Progressive Rock Musician Constructs Two Worlds

Dominated by acoustic piano,ranges from solo piano passages to layers of harsh, inharmonious sections. The songs are made complex by musical suites that stretch out. He also sings, albeit, raw and disquieting.
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Born in Maryland, Gabriel Riccio now lives in Chicago where he has adopted the pseudonym The Gabriel Construct. Under this name, he has constructed his thematic album Interior City. The album musically narrates Gabriel's dual existence, the dark side and the light side. To escape the outside world, he retreats to an internal phantom metropolis. While this may sound a bit gothic, for Gabriel these separate realities, at times, were real. These conjoined existences are what he recounts in his music.

Dominated by acoustic piano, Interior City ranges from solo piano passages to layers of harsh, inharmonious sections. The music comes across as ominous and experimental. Gabriel refers to his music as progressive. To find an alternative string sound, he plucks the inside of his piano. The songs are made complex by musical suites that stretch out. He also sings, albeit, raw and disquieting.

As many of us often experience, Gabriel's dual realities clash. The interior city is the place to escape from the outside world, but the interior city is dark. It has thoughts of paranoia, conspiracy theories, self-loathing and aliens. For Gabriel, the time has arrived for a personal healing as well as a universal healing. A universal healing because that dark internal place is where people justify hurting other people and hurting the environment.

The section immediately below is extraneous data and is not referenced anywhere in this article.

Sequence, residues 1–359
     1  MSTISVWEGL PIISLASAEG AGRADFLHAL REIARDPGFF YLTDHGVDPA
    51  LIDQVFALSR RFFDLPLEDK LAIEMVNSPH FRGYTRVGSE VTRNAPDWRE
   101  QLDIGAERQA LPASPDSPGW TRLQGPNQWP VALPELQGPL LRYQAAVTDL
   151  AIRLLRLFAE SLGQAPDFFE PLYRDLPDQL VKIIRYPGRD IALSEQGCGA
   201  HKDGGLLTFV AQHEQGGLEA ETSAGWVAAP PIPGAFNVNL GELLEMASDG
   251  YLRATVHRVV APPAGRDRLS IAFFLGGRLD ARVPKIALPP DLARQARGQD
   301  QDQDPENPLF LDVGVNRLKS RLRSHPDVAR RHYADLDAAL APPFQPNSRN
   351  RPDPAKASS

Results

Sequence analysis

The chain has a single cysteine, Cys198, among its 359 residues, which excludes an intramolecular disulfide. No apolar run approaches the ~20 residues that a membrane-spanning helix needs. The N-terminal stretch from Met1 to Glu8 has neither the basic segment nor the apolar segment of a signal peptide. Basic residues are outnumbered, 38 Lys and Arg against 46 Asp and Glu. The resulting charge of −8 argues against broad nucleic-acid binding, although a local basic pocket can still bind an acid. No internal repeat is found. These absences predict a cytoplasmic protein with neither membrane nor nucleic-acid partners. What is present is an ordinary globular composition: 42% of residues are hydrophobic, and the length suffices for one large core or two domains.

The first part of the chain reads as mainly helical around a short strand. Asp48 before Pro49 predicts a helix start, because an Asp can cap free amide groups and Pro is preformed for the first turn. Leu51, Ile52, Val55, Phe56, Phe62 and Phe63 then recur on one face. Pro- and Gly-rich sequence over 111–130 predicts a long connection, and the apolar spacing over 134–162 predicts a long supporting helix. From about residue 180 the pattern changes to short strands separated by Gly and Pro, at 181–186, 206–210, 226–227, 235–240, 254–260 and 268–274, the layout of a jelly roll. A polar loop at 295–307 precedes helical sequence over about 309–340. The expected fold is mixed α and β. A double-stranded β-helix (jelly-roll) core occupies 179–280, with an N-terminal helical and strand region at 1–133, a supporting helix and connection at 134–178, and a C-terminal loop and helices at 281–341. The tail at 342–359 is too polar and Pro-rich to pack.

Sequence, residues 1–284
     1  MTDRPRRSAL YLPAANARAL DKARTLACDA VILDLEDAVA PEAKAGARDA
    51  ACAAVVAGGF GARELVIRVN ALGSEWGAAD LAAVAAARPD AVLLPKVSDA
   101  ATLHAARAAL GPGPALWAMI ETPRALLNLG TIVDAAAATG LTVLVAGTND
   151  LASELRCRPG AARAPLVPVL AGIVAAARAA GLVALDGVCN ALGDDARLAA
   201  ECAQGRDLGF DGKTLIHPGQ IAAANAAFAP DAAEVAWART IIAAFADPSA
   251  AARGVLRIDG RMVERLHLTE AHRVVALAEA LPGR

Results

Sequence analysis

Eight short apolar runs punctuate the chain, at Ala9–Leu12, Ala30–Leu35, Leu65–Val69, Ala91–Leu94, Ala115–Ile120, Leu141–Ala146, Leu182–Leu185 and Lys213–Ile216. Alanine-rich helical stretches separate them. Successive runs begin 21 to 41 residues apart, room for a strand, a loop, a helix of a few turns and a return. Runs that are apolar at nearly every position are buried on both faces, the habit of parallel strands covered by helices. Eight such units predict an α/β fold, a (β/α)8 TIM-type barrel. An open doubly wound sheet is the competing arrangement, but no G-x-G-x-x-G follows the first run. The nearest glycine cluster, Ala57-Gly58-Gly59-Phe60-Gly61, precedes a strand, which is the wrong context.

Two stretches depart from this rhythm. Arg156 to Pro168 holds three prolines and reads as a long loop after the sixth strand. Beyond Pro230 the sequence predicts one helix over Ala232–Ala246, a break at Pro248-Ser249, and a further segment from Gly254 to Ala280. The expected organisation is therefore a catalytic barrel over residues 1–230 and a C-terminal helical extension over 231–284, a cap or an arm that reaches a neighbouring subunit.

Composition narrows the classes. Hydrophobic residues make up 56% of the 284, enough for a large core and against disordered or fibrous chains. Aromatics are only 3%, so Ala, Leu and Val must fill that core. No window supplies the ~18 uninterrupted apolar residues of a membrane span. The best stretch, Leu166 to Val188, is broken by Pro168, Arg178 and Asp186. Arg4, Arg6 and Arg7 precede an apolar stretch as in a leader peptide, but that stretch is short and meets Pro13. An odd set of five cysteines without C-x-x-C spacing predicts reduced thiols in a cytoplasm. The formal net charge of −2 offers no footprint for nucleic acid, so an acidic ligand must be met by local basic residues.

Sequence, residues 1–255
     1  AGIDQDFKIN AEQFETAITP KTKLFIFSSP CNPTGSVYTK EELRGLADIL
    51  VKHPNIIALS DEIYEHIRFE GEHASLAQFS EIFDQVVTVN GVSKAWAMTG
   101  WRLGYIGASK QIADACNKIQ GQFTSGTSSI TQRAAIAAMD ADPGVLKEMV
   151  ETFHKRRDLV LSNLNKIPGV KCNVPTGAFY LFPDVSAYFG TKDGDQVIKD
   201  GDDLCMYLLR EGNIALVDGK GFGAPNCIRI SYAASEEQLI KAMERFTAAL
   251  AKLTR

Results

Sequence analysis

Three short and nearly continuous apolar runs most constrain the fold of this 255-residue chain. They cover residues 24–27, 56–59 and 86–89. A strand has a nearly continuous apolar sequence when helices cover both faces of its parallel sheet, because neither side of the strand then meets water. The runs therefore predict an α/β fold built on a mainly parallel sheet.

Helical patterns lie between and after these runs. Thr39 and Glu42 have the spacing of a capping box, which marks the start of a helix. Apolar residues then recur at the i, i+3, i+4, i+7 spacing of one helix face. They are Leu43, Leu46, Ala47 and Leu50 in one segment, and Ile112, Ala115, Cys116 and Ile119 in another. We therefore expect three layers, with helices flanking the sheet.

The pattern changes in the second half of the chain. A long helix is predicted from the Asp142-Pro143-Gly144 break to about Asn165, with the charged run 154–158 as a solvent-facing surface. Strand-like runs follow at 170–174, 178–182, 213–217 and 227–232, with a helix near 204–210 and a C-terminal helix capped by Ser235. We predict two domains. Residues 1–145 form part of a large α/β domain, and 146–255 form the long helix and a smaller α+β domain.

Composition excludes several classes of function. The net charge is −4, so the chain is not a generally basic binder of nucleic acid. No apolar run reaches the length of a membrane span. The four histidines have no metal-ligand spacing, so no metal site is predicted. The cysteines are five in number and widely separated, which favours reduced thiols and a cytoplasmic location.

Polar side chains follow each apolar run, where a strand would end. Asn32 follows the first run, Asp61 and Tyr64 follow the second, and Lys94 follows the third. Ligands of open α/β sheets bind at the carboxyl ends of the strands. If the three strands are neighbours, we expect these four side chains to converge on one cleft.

But, healing comes by confronting the demons. Hence -- the album cover renders a faceless person existing in a colorful environment; nevertheless, his heart holds the foreboding city. The song, "Fear of Humanity," speaks about wanting to escape the internal city and its menacing behavior. Still, for Gabriel, that dark menacing place has an attract/repel dynamic and "Arrival in a Distant Land" addresses this experience while "Ranting Prophet" speaks about the deconstructing and rebuilding of one's life. There is a light at the end of the tunnel expressed in his song "Curing Somatization" where he shares his holistic therapeutic experience, reminding his listeners that life is cyclical.

Gabriel hopes you listen to the album from start to finish because he also wants to make progressive rock truly progressive again. His goals for Interior City are to do what musicians did in the 1960s, when some rock bands such as Jethro Tull, Pink Floyd, Moody Blues and Genesis favored instrumentation and composition techniques associated with jazz and classical music. This early form of progressive music was an effort to elevate rock to the same sophisticated and respectful place that jazz inhabited. Gabriel Riccio, too, wants to integrate the ideas from other genres into rock music.

Although Gabriel was the creator of Interior City, it wouldn't have happened without the help of other creative musicians. The Gabriel Construct project that gave birth to Interior City had drummer Travis Orbin and bassist Tom Murphy, both from the progressive metal band, Periphery. Completing the band were guitarist David Stivelman, violinist Sophia Uddin and saxophonist Soren Larson.

So -- if you are one of those many people who have found themselves living in two worlds at once, and perhaps one of those worlds has a soft spot for progressive rock music, you might find the album's theme helpful in reconstructing two worlds into one.

You can listen to The Gabriel Construct's debut album Interior City on BandCamp.

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